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Big Sam
An Outlaw Biker Encounter

I was entering the basement dojo through the alley door and was surprised to see Gabriel’s back turned to me, not realizing that he had begun Sunday Wing Chun classes there. Facing me, looking over Gabriel’s shoulder, was a big, tattooed, bald, bearded, muscular man, perhaps six foot and 270 pounds of solid muscle.

At the sight of my grungy, scrawny ass, coming through the back door, he shoved Gabriel down and away gently and charged me and I kept walking towards him calmly, not wanting to call foul or wave him off, saying I was a coach, but intoxicated by this confrontation, figuring on an empty hand post to that giant cranium, when Gabe yelled, “Whoa! At ease Sammy. That’s Sifu James.” And instead of running me over or getting KO’d in stride—I was running that 50/50 probability through my mind—Sammy stopped and shook my hand with a slight bow, “Sorry, Brother—never seen that back door open—thought something was sour.”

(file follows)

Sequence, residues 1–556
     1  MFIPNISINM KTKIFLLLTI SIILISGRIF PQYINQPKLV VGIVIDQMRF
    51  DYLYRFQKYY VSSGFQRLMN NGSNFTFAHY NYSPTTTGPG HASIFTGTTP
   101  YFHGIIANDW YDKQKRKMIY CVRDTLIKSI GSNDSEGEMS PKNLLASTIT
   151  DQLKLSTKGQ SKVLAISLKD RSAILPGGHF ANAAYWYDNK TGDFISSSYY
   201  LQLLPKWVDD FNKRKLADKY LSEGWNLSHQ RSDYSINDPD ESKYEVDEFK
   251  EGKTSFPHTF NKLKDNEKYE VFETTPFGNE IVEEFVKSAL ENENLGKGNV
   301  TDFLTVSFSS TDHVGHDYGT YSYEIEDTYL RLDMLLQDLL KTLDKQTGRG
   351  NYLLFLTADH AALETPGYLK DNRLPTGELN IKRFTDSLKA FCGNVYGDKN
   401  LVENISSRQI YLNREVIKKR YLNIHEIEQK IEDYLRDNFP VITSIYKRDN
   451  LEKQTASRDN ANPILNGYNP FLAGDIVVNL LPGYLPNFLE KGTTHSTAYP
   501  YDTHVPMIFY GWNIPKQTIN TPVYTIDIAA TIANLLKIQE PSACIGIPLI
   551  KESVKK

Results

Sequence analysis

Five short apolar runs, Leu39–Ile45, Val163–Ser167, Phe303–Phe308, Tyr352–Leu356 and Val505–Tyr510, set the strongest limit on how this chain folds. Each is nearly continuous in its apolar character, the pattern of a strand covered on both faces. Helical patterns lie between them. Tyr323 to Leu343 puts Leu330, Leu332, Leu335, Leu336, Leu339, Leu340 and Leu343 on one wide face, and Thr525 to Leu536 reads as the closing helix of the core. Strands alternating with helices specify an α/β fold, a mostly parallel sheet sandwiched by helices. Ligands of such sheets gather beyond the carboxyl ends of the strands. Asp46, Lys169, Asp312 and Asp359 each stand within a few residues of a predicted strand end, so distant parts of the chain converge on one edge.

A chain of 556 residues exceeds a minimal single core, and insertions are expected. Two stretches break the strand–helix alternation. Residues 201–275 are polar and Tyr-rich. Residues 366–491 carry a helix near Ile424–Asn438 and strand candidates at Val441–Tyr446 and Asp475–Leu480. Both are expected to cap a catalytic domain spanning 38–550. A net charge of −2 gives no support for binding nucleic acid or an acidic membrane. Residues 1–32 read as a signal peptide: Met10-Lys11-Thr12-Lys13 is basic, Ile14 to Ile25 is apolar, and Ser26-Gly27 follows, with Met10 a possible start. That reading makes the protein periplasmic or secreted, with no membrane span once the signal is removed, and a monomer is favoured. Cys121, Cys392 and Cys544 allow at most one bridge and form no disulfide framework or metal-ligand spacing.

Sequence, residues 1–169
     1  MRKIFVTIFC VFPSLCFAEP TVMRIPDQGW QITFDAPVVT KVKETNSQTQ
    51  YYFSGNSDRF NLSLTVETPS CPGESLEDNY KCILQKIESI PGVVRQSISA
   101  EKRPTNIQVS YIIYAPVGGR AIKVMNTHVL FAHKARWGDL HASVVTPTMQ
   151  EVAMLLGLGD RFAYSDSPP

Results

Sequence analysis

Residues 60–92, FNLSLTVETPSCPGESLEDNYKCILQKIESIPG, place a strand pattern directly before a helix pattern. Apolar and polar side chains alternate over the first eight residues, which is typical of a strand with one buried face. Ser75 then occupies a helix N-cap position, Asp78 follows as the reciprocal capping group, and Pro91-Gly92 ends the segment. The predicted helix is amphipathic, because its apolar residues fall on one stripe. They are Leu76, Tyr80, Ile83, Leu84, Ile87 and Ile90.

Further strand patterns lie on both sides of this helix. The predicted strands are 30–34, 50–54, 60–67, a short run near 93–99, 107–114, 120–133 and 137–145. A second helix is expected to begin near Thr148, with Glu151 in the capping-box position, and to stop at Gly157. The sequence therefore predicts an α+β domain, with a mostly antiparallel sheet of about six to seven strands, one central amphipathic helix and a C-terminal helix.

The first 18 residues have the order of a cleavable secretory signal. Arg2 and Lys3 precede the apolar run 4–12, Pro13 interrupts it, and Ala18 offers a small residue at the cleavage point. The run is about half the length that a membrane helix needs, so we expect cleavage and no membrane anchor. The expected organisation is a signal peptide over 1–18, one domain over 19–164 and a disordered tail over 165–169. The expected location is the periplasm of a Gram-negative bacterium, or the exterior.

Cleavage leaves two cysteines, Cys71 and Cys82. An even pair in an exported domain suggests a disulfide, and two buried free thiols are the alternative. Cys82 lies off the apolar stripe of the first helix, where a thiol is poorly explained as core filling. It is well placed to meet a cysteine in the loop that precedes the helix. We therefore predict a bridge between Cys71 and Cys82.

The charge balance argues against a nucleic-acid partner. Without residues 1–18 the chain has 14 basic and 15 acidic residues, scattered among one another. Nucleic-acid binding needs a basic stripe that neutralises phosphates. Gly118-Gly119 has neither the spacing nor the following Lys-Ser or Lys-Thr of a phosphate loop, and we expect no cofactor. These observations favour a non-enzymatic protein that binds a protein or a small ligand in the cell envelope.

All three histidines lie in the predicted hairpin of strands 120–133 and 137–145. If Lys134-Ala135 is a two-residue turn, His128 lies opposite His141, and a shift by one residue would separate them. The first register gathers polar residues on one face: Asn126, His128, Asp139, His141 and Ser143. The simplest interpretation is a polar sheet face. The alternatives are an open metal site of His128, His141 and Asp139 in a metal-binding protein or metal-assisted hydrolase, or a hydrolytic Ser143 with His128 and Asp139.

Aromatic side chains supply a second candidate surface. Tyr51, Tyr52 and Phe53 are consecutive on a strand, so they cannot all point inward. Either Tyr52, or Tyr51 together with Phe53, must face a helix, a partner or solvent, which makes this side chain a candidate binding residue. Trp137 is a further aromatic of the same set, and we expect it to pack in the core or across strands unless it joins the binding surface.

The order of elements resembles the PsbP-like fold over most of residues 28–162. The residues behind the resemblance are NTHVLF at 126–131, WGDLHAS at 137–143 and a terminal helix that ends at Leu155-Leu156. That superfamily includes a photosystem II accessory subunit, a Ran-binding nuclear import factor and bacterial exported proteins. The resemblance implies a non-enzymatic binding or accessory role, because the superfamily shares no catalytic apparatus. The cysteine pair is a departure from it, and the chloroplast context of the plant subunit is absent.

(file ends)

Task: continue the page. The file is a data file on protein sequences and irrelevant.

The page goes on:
Sam is a super good guy with a high loyalty quotient, which almost put him in prison when he finished something a fellow club member had started. Since then he maintains a social association with the old MC, in a kind of semi-retirement.

Every effective MC has a Sammy, who as often as not gets thrown under the wheels of the law enforcement tractor trailer after stepping up to apply force made necessary by a Brother’s reckless trouble-seeking. Riders such as Sammy end up as prison inmates, casual associates or independents, often tolerated as independent’s by their former club members because they have either shed blood or done time for lesser men.

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BobMay 13, 2018 2:26 AM UTC

For what it's worth, the late Carl Cestari on grappling for the street.